Bob Kelljan, 1970
Starring: Robert Quarry, Roger Perry, Michael Murphy, Donna Anders
A mysterious coffin is shipped to a foreboding California mansion. Meanwhile, a young woman named Donna holds a séance to attempt to contact her dead mother. The strange Count Yorga, recently arrived in California from Bulgaria, performs the ceremony and later uses hypnosis on Donna when she has a hysterical breakdown. Two of Donna’s friends, Erica and Paul, drive the Count home and are forced to sleep in their van after the roads become bad. That night they are attacked by Yorga, but strangely don't remember.
Erica has some odd marks on her neck investigated and goes through some strange personality changes. Her doctor, Hayes, notices inexplicable blood loss and later, she attempt to eat her pet kitten. Paul contact Dr. Hayes out of desperation. Meanwhile, it is revealed that Yorga has a number of vampire brides at his disposal, including Donna’s dearly departed mother. Though reluctant at first, the three men -- Hayes, Paul, and Donna's boyfriend -- suspect vampirism and all available clues lead them right to Yorga’s mansion, where he is hoping to add some new brides to his collection.
Initially, Robert Quarry’s Count Yorga was intended to face off against Vincent Price’s character Dr. Phibes. Later, Quarry wound up as a foil to Price in both Dr. Phibes Rises Again and Madhouse, though as new, human characters instead of the aristocratic count. Quarry was actually intended to replace Price as American International Pictures’ primary horror star, but unfortunately horror became less popular and Quarry never really rose to stardom. He did return as a second vampire character in The Deathmaster, a film he also produced, which was intended to be a loose vampire version of the Manson family.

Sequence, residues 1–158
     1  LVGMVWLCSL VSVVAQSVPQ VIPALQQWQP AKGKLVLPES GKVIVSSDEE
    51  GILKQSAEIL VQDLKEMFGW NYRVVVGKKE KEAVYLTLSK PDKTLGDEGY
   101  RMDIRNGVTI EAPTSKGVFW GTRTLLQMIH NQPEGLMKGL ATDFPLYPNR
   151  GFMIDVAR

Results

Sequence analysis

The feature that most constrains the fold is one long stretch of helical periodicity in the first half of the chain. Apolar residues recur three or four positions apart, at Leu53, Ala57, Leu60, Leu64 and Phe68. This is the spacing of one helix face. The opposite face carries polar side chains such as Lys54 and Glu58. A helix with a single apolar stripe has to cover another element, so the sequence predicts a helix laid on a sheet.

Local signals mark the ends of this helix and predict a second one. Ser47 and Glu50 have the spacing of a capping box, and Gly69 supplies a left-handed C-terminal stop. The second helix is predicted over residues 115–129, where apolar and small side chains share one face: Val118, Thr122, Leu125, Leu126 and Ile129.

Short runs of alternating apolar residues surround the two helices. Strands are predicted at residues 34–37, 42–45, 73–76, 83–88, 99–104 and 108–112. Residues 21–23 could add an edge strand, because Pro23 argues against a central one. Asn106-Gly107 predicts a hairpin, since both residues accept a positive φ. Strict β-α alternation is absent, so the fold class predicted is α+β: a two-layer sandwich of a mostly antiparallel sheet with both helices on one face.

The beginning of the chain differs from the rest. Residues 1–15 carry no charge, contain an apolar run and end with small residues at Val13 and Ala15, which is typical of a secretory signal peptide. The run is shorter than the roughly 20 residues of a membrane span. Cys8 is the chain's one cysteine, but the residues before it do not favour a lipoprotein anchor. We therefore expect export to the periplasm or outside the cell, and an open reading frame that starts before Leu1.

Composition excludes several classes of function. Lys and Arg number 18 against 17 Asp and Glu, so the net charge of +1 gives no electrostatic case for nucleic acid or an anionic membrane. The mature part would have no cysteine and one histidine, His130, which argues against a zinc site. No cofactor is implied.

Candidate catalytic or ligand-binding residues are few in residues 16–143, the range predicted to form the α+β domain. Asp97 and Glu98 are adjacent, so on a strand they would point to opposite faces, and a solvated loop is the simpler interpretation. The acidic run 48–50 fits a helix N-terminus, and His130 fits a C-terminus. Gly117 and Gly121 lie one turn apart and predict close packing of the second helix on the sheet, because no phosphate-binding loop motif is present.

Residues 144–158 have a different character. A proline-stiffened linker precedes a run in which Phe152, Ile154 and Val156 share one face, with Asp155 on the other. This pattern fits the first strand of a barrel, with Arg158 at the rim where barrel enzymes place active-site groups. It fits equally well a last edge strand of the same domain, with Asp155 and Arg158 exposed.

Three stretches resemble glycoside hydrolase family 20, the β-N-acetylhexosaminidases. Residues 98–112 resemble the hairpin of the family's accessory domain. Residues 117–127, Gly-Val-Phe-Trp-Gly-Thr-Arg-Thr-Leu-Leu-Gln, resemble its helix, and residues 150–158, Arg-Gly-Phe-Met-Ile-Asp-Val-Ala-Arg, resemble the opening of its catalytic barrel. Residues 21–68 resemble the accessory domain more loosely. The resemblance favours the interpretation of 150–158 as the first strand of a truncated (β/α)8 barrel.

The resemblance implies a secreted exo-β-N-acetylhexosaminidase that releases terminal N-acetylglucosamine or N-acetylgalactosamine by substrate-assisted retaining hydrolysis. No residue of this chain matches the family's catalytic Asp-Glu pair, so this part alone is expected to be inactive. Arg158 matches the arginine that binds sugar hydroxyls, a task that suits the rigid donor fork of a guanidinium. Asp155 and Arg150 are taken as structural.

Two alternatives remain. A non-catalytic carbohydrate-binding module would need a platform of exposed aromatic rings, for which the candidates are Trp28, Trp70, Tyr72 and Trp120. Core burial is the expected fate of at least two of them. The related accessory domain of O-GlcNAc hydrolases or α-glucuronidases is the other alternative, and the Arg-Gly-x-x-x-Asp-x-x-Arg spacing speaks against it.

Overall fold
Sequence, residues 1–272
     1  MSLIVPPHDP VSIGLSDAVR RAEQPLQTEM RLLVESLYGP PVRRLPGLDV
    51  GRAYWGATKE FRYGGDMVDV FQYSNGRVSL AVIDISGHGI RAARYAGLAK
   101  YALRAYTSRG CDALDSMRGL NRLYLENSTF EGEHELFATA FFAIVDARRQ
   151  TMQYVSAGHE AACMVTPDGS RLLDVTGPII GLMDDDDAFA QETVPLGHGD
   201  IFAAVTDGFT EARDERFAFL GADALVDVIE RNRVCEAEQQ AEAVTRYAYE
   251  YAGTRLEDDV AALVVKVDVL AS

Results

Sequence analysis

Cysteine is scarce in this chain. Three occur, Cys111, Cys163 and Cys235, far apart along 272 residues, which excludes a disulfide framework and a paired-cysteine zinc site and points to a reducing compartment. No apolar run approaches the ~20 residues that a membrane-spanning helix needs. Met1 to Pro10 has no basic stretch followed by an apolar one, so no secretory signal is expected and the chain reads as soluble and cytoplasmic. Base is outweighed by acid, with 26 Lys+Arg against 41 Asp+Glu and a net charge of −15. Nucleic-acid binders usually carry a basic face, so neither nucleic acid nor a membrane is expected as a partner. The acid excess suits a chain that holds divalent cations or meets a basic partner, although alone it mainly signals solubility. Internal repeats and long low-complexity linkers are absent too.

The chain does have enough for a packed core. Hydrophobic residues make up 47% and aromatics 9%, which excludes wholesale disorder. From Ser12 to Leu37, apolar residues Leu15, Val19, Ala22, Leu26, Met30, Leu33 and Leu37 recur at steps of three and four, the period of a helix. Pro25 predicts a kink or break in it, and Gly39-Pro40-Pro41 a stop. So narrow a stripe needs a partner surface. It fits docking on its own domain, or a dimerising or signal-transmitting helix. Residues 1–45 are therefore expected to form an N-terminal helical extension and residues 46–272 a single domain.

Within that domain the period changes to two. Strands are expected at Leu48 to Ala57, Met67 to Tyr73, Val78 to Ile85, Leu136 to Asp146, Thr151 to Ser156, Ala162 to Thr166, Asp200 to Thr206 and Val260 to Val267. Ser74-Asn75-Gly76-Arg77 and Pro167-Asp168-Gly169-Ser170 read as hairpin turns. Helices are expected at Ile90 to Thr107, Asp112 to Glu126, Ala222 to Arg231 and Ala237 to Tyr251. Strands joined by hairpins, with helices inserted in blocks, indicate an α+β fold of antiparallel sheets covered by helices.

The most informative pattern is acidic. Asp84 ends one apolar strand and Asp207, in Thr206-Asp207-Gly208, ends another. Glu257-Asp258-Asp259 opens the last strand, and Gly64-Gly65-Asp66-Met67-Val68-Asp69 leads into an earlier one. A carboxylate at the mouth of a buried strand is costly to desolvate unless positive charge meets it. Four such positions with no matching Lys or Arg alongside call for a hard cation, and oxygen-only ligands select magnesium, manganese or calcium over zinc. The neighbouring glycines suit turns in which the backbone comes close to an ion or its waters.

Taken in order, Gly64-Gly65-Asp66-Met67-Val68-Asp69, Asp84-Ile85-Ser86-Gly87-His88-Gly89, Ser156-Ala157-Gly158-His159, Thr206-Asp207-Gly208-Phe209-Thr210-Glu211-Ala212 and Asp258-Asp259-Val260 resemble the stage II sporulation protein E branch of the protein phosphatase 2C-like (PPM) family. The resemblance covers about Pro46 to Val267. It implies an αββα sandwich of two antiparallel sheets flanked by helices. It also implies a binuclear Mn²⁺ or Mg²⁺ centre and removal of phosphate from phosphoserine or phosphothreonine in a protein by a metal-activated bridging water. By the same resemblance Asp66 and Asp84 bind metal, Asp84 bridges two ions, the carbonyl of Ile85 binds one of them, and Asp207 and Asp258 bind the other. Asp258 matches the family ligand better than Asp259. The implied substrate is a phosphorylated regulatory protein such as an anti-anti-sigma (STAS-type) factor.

In addition to Quarry’s delightfully campy performance, there are some average appearances from Roger Perry (The Thing with Two Heads), Michael Murphy (MASH, Manhattan, Batman Returns), and Michael Macready (Terror House, no relation to Kurt Russell’s MacReady in The Thing). Donna Anders (Werewolves on Wheels, Dream No Evil) is likable as the lead and there are some lovely ladies throughout.
Speaking of ladies, Count Yorga was initially intended to be a softcore film. Allegedly it was Quarry who convinced AIP to make it a straightforward horror flick, but sexual elements remain and certainly far outweigh any overt gore or violence. As a result, American International Pictures had some trouble acquiring a PG rating to release the film theatrically.
Count Yorga was one of the few British or American vampire films of the ‘70s to focus on vampires in a modern setting and it is essentially an updated rehashing of Dracula, tracing many of the same plot points. Quarry helps the film to stand out as more than just another Dracula clone, however, and Yorga’s snobbery, sarcasm, and wit help the film to feel fresh after all these years. As with Dracula, the works of Jean Rollin, Jess Franco, and Hammer’s many vampire films, there is a direct relationship between vampirism and perverse sexuality. In one memorable scene, Yorga hypnotically compels some of his vampire brides to have sex with one another. And as with the later 1979 Dracula and the somewhat unfortunate Bram Stoker’s Dracula, Yorga is just as interested in finding a romantic connection as he is a sanguinary one.
Director Bob Kelljan also helmed Return of Count Yorga, and the Blacula sequel, Scream, Blacula, Scream. He does a decent, if average job with Yorga, which should appeal to fans of ‘60s and ‘70s vampire films, namely the latter efforts of Hammer and their increasingly ridiculous (though enjoyable) Dracula films with Christopher Lee. While I adore Count Yorga, it is far from perfect and suffers from a distinct lag in plot and lots of dialogue-heavy scenes. The characters accept vampirism a little too readily and the conclusion happens far too quickly. The twist ending may be a little predictable for modern viewers, but it’s still enjoyable.
Count Yorga’s success insured a sequel, the lesser Return of Count Yorga. These are available on a double feature DVD from MGM’s Midnite Movies label, but unfortunately it is out of print and has become relatively expensive. Hopefully someone will rescue Count Yorga and finally release it -- and its sequel -- on Blu-ray with some nice special features.